If they’re worried about getting their team to adopt new technology, tell them about what your company can do in terms of setup and training, and talk about your easy-to-use support channels.
7. Closing the sale
Once you’re done handling your lead’s objections, it’s now time to close the sale.
After ensuring that you’ve prepared the paperwork and forms, go ahead and ask your lead a closing question. Find out the right time for implementation. This is known as a direct approach.
On the other hand, if they aren’t responsive due to last-minute changes to their plans or other circumstances, go for a softer approach. Restate how the product can help address their pain points, and probably send them the case study again for some real-life growth your product brings to the table.
Your approach depends on the temperament of your lead. You should have a good read on this person by now; this helps you anticipate whether you’ll have more success with a direct or a soft approach.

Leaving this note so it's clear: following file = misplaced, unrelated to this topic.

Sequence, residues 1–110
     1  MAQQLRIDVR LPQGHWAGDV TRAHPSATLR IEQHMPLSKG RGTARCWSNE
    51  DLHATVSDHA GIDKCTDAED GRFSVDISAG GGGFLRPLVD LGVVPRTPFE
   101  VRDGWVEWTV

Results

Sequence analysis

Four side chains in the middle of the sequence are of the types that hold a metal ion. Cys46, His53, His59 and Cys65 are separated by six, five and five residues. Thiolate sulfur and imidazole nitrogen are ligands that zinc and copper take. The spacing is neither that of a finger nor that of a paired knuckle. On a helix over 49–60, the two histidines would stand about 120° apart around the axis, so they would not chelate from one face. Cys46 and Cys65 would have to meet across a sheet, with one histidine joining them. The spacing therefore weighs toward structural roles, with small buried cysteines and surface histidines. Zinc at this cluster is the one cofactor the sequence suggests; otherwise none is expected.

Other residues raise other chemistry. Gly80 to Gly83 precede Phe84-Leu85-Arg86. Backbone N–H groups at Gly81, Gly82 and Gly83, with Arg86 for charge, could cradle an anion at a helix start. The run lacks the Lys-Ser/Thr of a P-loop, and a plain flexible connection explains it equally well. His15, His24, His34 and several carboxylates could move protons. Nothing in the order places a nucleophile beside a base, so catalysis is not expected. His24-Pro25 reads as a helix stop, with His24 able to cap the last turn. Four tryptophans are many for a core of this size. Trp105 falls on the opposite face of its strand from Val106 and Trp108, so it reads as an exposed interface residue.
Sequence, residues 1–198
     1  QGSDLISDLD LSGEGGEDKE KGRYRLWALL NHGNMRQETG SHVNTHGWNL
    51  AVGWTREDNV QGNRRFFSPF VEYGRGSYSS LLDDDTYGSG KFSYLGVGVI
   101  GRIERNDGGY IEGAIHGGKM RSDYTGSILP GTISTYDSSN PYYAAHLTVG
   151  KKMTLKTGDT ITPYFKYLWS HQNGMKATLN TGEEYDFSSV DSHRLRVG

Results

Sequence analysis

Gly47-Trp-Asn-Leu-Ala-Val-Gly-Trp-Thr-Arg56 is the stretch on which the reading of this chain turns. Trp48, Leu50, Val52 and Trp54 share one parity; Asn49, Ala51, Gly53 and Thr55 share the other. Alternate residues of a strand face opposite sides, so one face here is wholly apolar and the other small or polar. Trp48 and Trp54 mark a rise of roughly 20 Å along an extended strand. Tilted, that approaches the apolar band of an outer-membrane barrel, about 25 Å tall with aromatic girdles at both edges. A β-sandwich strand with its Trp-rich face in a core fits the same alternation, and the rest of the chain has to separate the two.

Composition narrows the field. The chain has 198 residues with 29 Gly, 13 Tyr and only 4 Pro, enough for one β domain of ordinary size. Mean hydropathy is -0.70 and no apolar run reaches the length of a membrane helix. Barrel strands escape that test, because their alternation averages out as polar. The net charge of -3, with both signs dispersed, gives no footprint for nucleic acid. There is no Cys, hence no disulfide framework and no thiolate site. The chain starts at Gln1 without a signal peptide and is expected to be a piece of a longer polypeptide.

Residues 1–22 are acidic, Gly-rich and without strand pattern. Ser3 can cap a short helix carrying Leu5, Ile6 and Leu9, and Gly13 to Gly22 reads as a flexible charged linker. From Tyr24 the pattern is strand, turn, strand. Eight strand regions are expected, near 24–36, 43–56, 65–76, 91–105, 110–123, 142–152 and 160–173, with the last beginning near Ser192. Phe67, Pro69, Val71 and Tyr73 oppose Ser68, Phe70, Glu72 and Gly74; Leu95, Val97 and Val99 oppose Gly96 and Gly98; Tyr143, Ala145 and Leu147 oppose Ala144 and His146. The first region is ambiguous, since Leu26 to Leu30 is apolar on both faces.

What happens after you’ve successfully closed the sale? Your reps might be so relieved to get the sale that they end the meeting and leave as soon as possible, thinking this avoids the possibility of the lead changing their mind. That said, you shouldn’t end the meeting abruptly — make sure you give your lead the chance to ask any follow-up questions that they may have and walk them through some of the next steps.
If it is a face-to-face meeting, ensure that you give your lead a business card to help them reach out to you if there are any issues. You may also request them to refer people with similar challenges to you.